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Martha G. Newman, Chair BUR 529, Mailcode A3700, Austin, TX 78712 • 512-232-7737

Spring 2008

R S 373 • What is Religion?

Unique Days Time Location Instructor
44605 MW
4:00 PM-5:30 PM
mez 1.102

Course Description

Religion has been a powerful force throughout human history, but what kind of force is it? This course allows students to examine some of the most important answers to that question from the last 150 years of academic study. We will consider psychological, sociological, economic, phenomenological, and anthropological explanations of religion. Participants in the course will also choose examples of religious phenomena and see how well the theories apply to those examples. Course sessions will emphasize discussion and analysis.

Grading Policy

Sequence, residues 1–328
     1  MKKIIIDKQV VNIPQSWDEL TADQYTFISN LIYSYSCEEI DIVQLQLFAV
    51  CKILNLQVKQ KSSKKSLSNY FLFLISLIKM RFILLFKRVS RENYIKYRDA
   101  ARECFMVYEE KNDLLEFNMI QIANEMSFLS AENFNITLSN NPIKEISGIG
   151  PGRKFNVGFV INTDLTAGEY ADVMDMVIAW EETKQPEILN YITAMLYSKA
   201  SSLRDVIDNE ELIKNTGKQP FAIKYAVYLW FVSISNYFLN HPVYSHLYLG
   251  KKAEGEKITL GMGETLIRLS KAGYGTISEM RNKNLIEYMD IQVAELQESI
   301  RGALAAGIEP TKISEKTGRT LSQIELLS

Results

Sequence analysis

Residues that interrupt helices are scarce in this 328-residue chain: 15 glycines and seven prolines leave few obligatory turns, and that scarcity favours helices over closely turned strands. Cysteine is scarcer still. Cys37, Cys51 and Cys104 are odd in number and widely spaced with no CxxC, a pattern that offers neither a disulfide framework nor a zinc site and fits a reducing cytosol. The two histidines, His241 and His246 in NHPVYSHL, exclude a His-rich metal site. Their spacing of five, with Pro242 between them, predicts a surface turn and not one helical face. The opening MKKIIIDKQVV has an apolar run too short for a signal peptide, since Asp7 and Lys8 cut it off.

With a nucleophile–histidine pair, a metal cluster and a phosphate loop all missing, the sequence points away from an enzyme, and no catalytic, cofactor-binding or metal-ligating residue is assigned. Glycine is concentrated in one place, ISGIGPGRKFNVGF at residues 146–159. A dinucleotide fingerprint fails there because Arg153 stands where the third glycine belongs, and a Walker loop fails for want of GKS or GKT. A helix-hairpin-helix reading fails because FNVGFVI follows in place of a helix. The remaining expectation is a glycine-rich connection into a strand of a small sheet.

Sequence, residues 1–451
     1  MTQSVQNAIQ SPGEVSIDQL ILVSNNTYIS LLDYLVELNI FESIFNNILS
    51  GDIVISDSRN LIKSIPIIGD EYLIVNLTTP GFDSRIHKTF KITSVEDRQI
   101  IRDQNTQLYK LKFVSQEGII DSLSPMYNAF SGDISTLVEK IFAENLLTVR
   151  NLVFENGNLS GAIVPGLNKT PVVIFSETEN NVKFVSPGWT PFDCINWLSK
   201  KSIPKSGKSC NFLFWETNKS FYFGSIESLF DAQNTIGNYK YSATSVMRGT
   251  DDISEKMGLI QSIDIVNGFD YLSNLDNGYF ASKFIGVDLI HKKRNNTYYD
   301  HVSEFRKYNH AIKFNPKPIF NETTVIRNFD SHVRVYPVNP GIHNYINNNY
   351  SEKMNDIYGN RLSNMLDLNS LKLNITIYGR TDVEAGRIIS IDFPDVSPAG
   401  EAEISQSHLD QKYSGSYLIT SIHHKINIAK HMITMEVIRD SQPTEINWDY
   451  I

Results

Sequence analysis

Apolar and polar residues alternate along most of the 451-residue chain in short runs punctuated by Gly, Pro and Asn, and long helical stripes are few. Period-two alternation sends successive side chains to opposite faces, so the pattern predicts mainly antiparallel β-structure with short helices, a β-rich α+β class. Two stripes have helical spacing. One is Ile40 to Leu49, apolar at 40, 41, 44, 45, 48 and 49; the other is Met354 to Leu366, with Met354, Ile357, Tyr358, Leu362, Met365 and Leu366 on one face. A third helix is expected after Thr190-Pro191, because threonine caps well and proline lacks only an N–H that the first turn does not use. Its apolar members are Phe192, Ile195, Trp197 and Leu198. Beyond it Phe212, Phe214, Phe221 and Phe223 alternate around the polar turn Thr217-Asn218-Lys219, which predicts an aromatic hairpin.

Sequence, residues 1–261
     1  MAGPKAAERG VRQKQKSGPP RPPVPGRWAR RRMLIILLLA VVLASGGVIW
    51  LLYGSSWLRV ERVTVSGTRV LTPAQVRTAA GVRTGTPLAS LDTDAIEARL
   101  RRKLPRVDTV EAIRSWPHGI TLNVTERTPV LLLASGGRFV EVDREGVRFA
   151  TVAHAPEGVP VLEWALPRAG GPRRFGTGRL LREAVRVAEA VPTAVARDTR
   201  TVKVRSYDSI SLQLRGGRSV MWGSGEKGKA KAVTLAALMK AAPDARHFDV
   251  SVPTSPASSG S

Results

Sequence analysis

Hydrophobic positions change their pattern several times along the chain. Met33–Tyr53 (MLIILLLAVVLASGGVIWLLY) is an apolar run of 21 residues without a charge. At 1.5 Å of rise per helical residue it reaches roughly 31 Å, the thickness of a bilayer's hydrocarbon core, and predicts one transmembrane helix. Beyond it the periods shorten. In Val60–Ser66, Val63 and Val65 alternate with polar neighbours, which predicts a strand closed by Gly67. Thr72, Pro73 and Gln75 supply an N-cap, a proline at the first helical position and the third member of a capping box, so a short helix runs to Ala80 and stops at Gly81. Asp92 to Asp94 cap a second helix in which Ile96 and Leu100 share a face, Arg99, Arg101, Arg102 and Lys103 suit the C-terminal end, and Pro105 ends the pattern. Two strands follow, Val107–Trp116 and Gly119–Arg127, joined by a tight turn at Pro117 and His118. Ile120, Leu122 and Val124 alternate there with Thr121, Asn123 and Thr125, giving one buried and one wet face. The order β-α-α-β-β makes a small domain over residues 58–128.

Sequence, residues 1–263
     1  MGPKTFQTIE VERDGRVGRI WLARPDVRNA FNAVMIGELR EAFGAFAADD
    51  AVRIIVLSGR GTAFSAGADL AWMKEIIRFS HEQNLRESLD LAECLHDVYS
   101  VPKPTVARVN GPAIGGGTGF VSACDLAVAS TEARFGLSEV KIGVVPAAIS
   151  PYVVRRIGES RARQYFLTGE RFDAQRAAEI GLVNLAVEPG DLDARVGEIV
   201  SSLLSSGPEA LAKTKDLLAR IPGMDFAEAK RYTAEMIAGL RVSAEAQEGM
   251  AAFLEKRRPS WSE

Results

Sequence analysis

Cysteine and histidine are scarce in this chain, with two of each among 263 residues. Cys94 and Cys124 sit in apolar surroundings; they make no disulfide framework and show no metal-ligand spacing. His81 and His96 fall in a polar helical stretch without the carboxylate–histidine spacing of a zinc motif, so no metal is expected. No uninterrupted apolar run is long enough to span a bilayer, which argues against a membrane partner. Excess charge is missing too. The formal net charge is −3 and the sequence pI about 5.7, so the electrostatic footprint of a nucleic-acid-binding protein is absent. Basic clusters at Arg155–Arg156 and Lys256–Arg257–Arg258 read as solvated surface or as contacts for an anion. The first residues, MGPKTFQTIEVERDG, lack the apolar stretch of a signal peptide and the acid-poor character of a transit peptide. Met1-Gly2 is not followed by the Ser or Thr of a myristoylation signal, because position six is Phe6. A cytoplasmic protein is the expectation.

50% Research paper. Stages include: proposal, outline, bibliography, 1st draft, 2nd draft
10% Peer review of first drafts
10% Short analyses: applying theories to examples
10% Reading summaries
20% Attendance and participation

Texts

Daniel Pals, Eight Theories of Religion
Sigmund Freud, The Future of an Illusion
Emile Durkheim, The Elementary Forms of the Religious Life
Karl Marx, The Portable Karl Marx
Max Weber, The Protestant Ethic and the Spirit of Capitalism
Mircea Eliade, The Sacred and the Profane: The Nature of Religion
Reserve Readings

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